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View Full Version : Wedding Demos From T3



RayLarson
09-09-2004, 10:49 AM
Just completed some quick demos for our website. The T3 is amazing. Check them out.


http://www.larsonproductionsri.com/video-samples.asp

Jim Capillo
09-09-2004, 12:05 PM
Very nice, Ray ! :) I'd raise the prices !!!!!!! ;)

Rich Deustachio
09-09-2004, 03:26 PM
Very nice and I agree with Jim, you could easily raise your prices without losing any bookings. If you add up all of the hours you spend working on weddings, subtract out of pocket expenses, and do the math you will find you are probably working for much less than you think you are. Also factor in equipment costs and years of expected use of the equipment before needing repairs or to be replaced, insurance costs, advertising and all other expenses just to be in business.

Faraz
09-09-2004, 07:17 PM
Those DVEs look so familiar... :)

I'm glad they're getting used.

ScorpioProd
09-09-2004, 11:18 PM
Faraz, you've got tons of great DVEs on your site! :)

In fact, I was just recently downloading some of the Classic Toaster effects, some of them are still quite useful, and I missed them.

The only one that I wish was there that isn't is the jigsaw puzzle effect.

radams
09-09-2004, 11:38 PM
Hi Ray,

You've got some nice stuff!!!!

I know that your on a tight timeline and budget..but something that might be an added help would be to stabilze some of the shots before editing...this takes most of that hand held shake out...You can use aura, Mirage, or my favorite is by 2d3...(SteadyMove). Check it out at www.2d3.com. It really helps to polish up some of those hurried shots...But you can also do this in Aura but that takes several steps while the SteadyMove is faster...

Cheers,

(from another Ray)

Ray Adams
FX and Production Supervisor

R Creative Touch (US)
and
Visual Computer Services (Switzerland)

Whelkn
09-10-2004, 01:42 AM
I liked your stuff. But the one thing that stood out to me was in my opinion the over use of the 3D transistions. I feel they cheapen what would be a great video other wise. Also if you slow some of the shaky shots down a bit they tend to look better. I like your stuff and I don't mean any harm just trying to help you out.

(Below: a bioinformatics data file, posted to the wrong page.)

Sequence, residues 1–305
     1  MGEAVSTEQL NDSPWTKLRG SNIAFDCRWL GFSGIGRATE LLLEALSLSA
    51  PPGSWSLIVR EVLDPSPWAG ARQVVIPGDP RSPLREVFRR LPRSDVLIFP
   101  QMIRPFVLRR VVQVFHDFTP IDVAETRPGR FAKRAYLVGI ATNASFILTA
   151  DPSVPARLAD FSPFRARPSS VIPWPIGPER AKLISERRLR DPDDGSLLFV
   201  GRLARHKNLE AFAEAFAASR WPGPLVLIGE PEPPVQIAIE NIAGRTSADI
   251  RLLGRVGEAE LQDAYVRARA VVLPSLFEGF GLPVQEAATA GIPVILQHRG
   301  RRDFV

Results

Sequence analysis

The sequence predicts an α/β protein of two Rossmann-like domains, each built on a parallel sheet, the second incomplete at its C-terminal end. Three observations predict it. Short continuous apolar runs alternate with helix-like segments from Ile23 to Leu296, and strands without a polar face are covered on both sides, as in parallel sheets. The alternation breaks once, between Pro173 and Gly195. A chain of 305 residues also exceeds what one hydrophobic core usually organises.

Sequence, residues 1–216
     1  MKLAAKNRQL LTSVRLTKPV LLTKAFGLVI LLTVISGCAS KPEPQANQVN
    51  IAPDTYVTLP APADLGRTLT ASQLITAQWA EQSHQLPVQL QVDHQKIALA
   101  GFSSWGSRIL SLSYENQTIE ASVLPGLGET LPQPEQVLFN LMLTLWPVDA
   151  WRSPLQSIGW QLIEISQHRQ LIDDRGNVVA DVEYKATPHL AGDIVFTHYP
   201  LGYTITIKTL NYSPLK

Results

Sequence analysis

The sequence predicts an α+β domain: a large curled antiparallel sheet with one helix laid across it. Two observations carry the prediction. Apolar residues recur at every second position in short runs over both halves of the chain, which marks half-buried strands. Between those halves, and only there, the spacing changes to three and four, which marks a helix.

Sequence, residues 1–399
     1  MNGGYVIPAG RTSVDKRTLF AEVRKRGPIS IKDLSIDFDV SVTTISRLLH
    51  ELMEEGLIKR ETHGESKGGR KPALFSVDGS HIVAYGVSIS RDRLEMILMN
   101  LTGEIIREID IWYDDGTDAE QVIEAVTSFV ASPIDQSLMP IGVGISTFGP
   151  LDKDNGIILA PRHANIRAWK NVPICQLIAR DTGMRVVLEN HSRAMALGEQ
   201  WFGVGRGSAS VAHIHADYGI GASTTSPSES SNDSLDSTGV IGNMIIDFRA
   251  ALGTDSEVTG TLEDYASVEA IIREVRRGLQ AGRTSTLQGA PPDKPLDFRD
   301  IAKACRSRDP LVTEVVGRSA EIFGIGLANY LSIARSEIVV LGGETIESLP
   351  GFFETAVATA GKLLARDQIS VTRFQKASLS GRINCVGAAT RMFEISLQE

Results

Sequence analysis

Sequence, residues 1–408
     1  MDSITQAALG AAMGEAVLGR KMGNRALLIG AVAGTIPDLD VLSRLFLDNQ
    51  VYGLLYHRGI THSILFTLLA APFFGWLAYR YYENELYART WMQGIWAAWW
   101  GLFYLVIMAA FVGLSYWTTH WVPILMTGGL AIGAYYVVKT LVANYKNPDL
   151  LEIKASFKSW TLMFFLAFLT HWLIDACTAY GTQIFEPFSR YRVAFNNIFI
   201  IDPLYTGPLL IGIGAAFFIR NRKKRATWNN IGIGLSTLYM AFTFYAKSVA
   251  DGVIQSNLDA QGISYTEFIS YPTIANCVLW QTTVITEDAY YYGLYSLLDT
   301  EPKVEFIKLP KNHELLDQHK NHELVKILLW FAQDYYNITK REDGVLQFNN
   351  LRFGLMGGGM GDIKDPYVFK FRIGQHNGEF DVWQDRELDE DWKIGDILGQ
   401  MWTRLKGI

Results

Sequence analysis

Jeremy

RayLarson
09-10-2004, 06:37 AM
Thanks for all the great feedback.

As far as raising the prices, competition in this area is fierce and I have had to stay with "what the market will bear".

I have tried hard to work on the shaky shots and will be taking some of your suggestions in the future. Because of the nature of the business it is sometimes hard to make everything perfect and still make a profit.

In response to the overuse of 3D transitions, I had done these demos with simple dissolves at first and got more prospective customers asking about 3D DVE's that I said ...OK....let's just put 'em in the demos...it has worked for me and those people that don't want them usually say so at the first meeting.

Even with the accelerated workflow of T3 it is still a challenge to spend a lot of time on a wedding project without risking the chance of working for nothing.

I look forward to any and all comments and again thanks for your feedback.

kleima
09-10-2004, 12:30 PM
The suggestion above about stabilizing shots was my only thought as I watched your demos. However, I disagree with Ray on how to achieve that. It is extremely time consuming to try to stabilize shots afterwards. Although I have not used all the products Ray suggested, I know that it is impossible with some shots (at least in Aura).
Nothing (including miracles in post) beats pristine footage to begin with! Use a tripod, or a CineSaddle. Don't waste your money on a cheap tripod either, if you want really smooth pans and tilts. $600 is not enough to get you a good tripod. The good ones start at $1500-2000. (For weddings you need to be mobile, so you don't want a tripod that weighs 15+ pounds. But you pay more money for carbon fiber etc. to get a tripod that weighs 8 lb .)
If that's too expensive use a CineSaddle ($300), its not great for pans, but it sure makes solid shots (and is VERY portable)!

Jim_C
09-10-2004, 12:56 PM
I LOVE our monopod. Steady shots, can tilt, raise lower in a flash, pick up and scoot, can use the cam mount to still shoulder shoot without taking off pod.
Hand hold or steady, best of both worlds.

Certainly not as rock solid as a tripod, but for the roving guy it is a god send.

http://tinyurl.com/3vbbs

RayLarson
09-10-2004, 01:20 PM
Actually, I tried a monopod and found it very useful....Probably will purchase one rather than an expensive tripod. Monopod is a good solution and the best of both worlds.

sbrandt
09-10-2004, 03:47 PM
I use a little $36 Manfrotto 679b.
I wouldn't be without it.
It makes all the difference in the world.
I can collapse it and duct tape
a small cloth bag full of lead
throw-line weights to the bottom
and hold on to it at the balance
point and voila', instant stabilizer.

wilebill
09-10-2004, 07:24 PM
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jennifertigges
09-13-2004, 03:00 PM
Don't be afraid of prices. I am in a small area and other videographers charge $300-600 mainly. My starting price is $1200 and I am doing very similar work to you.
There is a perceived value with a higher price point.

My clients love effects, especially in the music video montages I put at the end. Sorry, yes some seem to cheapen things, but the client is always right! Faraz, many thanks for all those wonderful effects too!

Jennifer - this marks year 20 in the wedding industry for me